Most phyllodes tumors are benign, but in rare cases they can be malignant (cancerous). In addition, their behavior is unpredictable. In rare cases, a benign tumor can recur (grow back) as a cancer. So they’re a little different from the other benign breast conditions linked to a slight increase in breast cancer risk.
Phyllodes tumors develop in the breast’s connective tissue, which is called the stroma. The stroma includes the fatty tissue and ligaments that surround the ducts, lobules, and blood and lymph vessels in the breast. The tumor can contain both connective tissue and glandular tissue (the kind that makes up the ducts and lobules).
Phyllodes tumors are rare, but they are usually benign. They tend to grow quickly, so they’re usually felt as a lump first. It can be difficult to tell the difference between a benign phyllodes tumor and a fibroadenoma, which is the most common type of benign breast tumor.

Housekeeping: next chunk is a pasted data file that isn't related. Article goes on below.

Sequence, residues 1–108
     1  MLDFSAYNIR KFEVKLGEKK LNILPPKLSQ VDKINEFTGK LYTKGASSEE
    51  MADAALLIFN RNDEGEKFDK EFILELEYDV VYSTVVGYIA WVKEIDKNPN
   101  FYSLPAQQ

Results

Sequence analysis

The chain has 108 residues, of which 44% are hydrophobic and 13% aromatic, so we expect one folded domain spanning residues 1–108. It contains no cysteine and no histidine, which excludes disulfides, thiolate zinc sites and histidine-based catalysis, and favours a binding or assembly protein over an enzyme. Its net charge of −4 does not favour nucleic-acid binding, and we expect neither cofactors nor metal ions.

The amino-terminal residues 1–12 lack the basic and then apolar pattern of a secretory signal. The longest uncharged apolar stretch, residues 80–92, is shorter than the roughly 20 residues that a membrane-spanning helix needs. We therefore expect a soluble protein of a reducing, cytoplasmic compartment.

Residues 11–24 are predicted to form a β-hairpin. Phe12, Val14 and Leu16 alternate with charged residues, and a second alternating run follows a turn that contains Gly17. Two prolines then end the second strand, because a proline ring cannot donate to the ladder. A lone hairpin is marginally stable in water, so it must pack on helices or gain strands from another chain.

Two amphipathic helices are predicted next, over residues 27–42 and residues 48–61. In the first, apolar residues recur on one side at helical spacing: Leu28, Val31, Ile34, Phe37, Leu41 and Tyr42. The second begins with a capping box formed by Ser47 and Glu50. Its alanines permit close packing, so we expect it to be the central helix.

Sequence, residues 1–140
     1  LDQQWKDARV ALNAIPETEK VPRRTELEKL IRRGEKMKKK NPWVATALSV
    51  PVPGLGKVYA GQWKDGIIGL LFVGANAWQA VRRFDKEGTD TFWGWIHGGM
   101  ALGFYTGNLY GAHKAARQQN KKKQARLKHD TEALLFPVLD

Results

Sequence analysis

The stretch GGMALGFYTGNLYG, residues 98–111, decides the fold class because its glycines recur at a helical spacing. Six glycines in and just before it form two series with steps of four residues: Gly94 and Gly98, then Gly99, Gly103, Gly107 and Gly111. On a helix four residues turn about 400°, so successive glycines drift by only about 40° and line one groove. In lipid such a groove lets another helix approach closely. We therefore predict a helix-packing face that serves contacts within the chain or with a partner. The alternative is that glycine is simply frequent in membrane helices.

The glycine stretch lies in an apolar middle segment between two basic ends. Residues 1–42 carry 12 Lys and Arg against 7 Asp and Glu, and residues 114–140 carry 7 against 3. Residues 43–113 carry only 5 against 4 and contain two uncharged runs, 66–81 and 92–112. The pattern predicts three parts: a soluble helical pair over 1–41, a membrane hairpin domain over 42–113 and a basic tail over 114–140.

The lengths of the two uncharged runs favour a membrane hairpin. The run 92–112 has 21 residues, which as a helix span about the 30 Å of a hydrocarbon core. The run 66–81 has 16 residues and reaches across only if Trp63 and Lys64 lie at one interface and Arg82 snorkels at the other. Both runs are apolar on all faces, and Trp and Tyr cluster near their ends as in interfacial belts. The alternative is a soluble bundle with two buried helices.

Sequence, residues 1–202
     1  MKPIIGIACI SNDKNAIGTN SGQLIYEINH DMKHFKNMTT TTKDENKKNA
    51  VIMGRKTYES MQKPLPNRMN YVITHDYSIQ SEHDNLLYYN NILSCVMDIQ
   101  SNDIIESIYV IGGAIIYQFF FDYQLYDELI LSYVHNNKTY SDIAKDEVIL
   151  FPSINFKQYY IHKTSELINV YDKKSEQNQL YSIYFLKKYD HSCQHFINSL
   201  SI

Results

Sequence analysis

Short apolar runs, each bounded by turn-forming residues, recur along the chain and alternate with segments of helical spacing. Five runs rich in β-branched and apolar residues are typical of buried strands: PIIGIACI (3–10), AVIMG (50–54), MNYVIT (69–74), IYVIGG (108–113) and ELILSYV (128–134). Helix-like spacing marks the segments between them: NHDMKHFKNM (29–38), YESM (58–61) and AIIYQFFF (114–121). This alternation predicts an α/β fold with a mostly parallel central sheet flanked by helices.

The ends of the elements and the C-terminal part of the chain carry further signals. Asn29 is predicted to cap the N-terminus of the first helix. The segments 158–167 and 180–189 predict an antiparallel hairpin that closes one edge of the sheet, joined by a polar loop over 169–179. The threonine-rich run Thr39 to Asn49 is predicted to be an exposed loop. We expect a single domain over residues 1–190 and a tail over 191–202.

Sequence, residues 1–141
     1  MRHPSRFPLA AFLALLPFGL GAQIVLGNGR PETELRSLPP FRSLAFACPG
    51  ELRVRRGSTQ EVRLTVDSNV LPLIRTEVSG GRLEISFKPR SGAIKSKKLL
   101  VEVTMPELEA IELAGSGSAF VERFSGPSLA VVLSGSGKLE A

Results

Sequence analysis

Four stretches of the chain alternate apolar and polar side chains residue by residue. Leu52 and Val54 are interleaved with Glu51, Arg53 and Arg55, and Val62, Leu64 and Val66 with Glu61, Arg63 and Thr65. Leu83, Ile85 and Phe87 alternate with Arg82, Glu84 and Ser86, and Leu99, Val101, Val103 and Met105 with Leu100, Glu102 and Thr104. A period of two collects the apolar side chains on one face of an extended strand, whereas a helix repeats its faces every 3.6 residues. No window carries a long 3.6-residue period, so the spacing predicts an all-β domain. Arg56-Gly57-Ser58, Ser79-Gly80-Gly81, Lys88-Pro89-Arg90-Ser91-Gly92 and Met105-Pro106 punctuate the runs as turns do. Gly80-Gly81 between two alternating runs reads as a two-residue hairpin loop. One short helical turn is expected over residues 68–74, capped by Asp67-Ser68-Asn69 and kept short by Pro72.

Fibroadenomas tend to occur in younger women (under age 30), while phyllodes tumors are more common for women in their 40s. Your doctor would need to remove the tumor and have it examined under a microscope to make the correct diagnosis. A key feature is an obvious overgrowth of connective tissue.
Even when phyllodes tumors are benign — as opposed to malignant or “borderline,” meaning that the cells have some abnormal features — they have a tendency to recur. If any cells were left behind, in rare cases they can change into malignant cells. This is why even benign tumors are treated by removing the entire growth and a margin of normal breast tissue all around the tumor. A benign phyllodes tumor treated in this way is not associated with any future increased risk of breast cancer.
Learn more about phyllodes tumors of the breast.